Good morning backcountry travelers this is Matt Murphy with the Chugach National Forest Avalanche Information Center on Tuesday December 1st at 7 am. This will serve as a general backcountry avalanche advisory issued for Turnagain Arm with Turnagain Pass as the core advisory area (advisory does not apply to highways, railroads, or operating ski areas).
More areas designated for snowmachines (except Placer and 20 Mile) on the Chugach National Forest will open today Dec 1 at 1200 noon. We are monitoring the snow at Placer and 20 Mile and will open those areas as soon as there is enough snow.
Avalanche danger may exist at any time in backcountry areas like Turnagain Pass on the Chugach National Forest, whether these areas are open or closed. The US Forest Service does not close areas due to avalanche danger. When areas designated for use by snowmachines on the Chugach National Forest are closed, a primary reason is for the protection of natural resources in accordance with the current Forest Plan. Similarly, on open sign does not mean that it is safe. There are many inherrant dangers associated with traveling in the backcountry including avalanches. Safe backcountry travel requires training and experience. You Control Your Own Risk by choosing where, when and how to travel. The Chugach National Forest Avalanche Information Center provides pertinent information to assist you in making your own decisions for traveling in these backcountry areas.
Opening of motorized areas in the early season can be subject to immediate closure based on sufficient snow to prevent the tracks of a snowmachine from tearing up vegetation. If the weather changes and the snowpack gets too thin to prevent resource damage, then areas may be closed again. It is your responsibility to check the official open/closed status of these areas with the Chugach National Forest. CNFAIC Staff resources for information regarding these motorized areas can be found through the Glacier Ranger District,Seward Ranger District and/or the Chugach National Forest Avalanche Information Center.
Thanks for being safe!
Will recent weather affect avalanche conditions today?
Well, let’s take a closer look at the precip, winds, and temps.
Hindcast (Last 24 hours)
3800′ -Sunburst Wx Station-
Temp: 26 (11 degrees warmer than yesterday)
Wind: averaged 19-66 mph out of the East with a max gust of 92 mph
2600′-Seattle Ridge Wx Station-
Wind: averaged 16-39 mph out of the SE with a max gust of 73 mph
1800′-Center Ridge Wx Station-
Precip: 2.9 inches of water
34” of new snow for a total snowpack depth of 89”
Temp: 32 degrees (9 degrees warmer than yesterday)
Temps are warmer at all weather stations from Girdwood to Summit Lake by 6-11 degrees. The temps range from 36 degrees at sea level to 31 degrees at 2800 feet; so, the freeze line is probably between 2000-2500 feet.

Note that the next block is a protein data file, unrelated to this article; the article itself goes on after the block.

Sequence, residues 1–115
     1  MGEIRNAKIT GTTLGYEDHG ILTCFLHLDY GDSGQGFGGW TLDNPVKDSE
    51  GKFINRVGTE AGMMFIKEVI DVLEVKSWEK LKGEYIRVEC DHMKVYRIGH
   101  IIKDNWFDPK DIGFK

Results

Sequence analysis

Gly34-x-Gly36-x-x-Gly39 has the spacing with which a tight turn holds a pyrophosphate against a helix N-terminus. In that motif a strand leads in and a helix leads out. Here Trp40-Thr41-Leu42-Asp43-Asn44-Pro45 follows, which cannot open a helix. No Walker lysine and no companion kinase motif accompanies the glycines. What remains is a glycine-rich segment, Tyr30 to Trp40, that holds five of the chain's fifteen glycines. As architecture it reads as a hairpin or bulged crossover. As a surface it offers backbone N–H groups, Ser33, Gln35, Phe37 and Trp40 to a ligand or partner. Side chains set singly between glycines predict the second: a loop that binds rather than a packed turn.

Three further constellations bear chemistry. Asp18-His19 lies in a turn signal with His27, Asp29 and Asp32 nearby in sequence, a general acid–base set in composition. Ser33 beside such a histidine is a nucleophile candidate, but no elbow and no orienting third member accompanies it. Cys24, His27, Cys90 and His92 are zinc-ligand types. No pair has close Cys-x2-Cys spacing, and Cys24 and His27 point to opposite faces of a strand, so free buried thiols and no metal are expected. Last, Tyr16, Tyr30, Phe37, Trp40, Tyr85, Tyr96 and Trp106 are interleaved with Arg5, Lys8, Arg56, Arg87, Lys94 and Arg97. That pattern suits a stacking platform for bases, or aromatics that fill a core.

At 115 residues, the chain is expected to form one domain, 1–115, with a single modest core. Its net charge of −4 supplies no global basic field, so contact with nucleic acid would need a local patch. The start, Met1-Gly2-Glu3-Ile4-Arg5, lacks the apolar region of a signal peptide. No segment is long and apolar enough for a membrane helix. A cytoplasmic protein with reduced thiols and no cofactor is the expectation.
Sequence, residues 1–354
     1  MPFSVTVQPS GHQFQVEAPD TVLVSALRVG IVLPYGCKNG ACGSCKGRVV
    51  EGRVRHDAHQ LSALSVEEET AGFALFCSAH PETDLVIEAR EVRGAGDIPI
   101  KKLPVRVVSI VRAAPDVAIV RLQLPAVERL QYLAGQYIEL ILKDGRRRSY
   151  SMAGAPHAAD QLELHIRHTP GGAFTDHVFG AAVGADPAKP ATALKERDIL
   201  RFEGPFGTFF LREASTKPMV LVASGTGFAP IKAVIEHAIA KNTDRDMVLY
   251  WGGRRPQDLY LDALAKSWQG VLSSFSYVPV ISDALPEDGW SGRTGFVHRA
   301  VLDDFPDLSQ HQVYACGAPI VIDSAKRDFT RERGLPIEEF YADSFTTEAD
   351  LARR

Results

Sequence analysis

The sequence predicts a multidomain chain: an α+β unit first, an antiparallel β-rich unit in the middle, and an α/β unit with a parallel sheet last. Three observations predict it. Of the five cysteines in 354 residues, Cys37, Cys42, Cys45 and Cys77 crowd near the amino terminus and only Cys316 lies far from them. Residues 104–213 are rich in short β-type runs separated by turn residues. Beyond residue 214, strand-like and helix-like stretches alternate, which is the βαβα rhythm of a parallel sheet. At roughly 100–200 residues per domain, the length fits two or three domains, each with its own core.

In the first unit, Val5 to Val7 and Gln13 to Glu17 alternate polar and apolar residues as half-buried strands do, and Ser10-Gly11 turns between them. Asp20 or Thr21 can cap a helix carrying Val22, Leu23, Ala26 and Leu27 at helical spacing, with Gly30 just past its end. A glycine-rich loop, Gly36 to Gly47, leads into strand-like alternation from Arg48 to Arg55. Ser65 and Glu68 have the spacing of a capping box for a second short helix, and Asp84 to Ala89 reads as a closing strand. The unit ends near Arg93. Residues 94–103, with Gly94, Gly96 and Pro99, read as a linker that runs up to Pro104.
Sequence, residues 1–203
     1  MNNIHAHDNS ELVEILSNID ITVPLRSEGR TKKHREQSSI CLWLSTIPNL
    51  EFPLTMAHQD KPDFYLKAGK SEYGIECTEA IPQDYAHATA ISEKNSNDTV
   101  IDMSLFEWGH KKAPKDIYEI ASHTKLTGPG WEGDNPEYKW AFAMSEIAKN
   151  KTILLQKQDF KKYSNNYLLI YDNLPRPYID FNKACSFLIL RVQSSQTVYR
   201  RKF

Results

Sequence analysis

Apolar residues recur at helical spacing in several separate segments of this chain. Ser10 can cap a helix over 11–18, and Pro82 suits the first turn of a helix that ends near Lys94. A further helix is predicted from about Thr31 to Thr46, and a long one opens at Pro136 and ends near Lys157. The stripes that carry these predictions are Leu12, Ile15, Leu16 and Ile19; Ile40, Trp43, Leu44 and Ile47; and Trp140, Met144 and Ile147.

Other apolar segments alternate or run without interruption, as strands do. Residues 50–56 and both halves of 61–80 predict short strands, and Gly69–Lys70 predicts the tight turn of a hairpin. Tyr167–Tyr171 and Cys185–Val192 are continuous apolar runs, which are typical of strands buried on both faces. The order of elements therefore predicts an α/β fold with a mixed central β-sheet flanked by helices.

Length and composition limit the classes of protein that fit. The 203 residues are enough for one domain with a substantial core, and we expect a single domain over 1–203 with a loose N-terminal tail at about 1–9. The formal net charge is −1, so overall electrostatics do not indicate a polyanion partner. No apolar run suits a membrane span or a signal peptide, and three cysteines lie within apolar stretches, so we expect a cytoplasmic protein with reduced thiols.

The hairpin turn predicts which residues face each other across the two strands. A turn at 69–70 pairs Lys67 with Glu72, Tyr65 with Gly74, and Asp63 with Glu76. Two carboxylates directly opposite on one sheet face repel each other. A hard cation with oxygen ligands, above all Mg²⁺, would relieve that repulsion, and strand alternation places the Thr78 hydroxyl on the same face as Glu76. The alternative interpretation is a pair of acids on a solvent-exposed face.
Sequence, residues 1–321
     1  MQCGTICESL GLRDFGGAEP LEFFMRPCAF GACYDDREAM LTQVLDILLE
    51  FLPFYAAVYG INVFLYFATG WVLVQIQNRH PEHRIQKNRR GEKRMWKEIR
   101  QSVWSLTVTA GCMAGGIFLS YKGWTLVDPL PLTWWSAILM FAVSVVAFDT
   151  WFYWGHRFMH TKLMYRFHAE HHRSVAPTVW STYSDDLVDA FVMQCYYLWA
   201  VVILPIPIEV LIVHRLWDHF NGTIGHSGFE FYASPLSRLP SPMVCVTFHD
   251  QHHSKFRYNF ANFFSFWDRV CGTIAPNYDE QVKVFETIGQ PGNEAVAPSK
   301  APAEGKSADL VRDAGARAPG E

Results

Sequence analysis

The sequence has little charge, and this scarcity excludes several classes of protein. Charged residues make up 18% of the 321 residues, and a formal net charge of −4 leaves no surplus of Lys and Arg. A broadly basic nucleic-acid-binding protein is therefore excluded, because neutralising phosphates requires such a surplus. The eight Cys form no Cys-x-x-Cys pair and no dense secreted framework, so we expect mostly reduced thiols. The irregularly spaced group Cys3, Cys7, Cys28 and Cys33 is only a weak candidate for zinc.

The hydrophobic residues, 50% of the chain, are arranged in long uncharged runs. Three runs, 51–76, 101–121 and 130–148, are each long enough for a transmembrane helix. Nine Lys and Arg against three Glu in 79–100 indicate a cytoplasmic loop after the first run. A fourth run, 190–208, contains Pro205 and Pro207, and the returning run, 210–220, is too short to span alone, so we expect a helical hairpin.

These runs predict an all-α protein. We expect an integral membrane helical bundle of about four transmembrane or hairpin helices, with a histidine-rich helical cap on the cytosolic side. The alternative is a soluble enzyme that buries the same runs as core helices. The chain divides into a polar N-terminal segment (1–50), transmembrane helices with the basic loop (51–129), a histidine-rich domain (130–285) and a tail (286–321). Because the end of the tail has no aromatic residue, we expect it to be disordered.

Rain is currently falling moderately in Girdwood, and the radar is full of moderate precip. Moderate to strong winds are still being recorded on ridgetops averaging as high as 31 mph on Sunburst
WESTERN PRINCE WILLIAM SOUND-
520 AM AKST TUE DEC 1 2009
…STRONG WIND THROUGH THIS EVENING THROUGH PORTAGE VALLEY AND
.TODAY…RAIN AND SNOW. SNOW ACCUMULATION 4 TO 8 INCHES IN THE HIGHER
ELEVATIONS. HIGHS IN THE LOWER 30S TO LOWER 40S. SOUTH AND EAST WIND
25 TO 35 MPH. THROUGH PORTAGE VALLEY AND TURNAGAIN ARM…SOUTHEAST
WIND 35 TO 50 MPH.
.TONIGHT…RAIN AND SNOW IN THE EVENING BECOMING SCATTERED RAIN AND
SNOW SHOWERS AFTER MIDNIGHT. SNOW ACCUMULATION 3 TO 6 INCHES. LOWS IN
THE MID 20S TO MID 30S. SOUTH AND EAST WIND TO 15 MPH. THROUGH
PORTAGE VALLEY AND TURNAGAIN ARM…EAST WIND 30 TO 45 MPH BECOMING
SOUTHEAST 15 TO 20 MPH AFTER MIDNIGHT.
.WEDNESDAY…MOSTLY CLOUDY WITH SCATTERED SNOW AND RAIN SHOWERS.
HIGHS IN THE MID 20S TO UPPER 30S. SOUTHEAST WIND 10 TO 20 MPH.
TEMPERATURE / PRECIPITATION
SEWARD 40 34 35 / 100 100 100
GIRDWOOD 40 29 36 / 100 100 80
The weather models are predicting about 2” of more water today for the area around the Kenai Mountains with the freeze line reaching as high as 3000′. Plus the NWS is still calling for strong wind today.
The weather is contributing to the avalanche danger today, and the level of uncertainty with the snowpack is very high today. With that being said, I rate today’s avalanche hazard as CONSIDERABLE TO HIGH based on past and current weather and recent snowpit data. Very dangerous avalanche conditions exist today. There is potential for very large and deep slab avlanches today.
We’ve been trying to get a baseline of the snowpack with pits at different elevations on Tincan over the past week. The weather has been so intense since last Monday (Nov 23) and has been changing so frequently that it is difficult for me to say anything about the snowpack with too much confidence. I want to say that all this snow will create one of the best bases we have seen in years, and that it will be stable after the weather mellows out, but we can’t ignore the data we have seen in our snowpits.
In simple terms, we have a dense slab on top of a weak layer of facets. All the new storm snow seems to be bonding to itself (creating a slab) very well. This dense snow seems to be supporting the weight of skiers/snowboarders and snowmachiners and this part of the snowpack is strong. When we have isolated columns, however, we have found poor stability with easy failures all the way to the facets on the ground. I still have not been on a slope steeper than 35 degrees this year because I don’t completely trust our snowpack.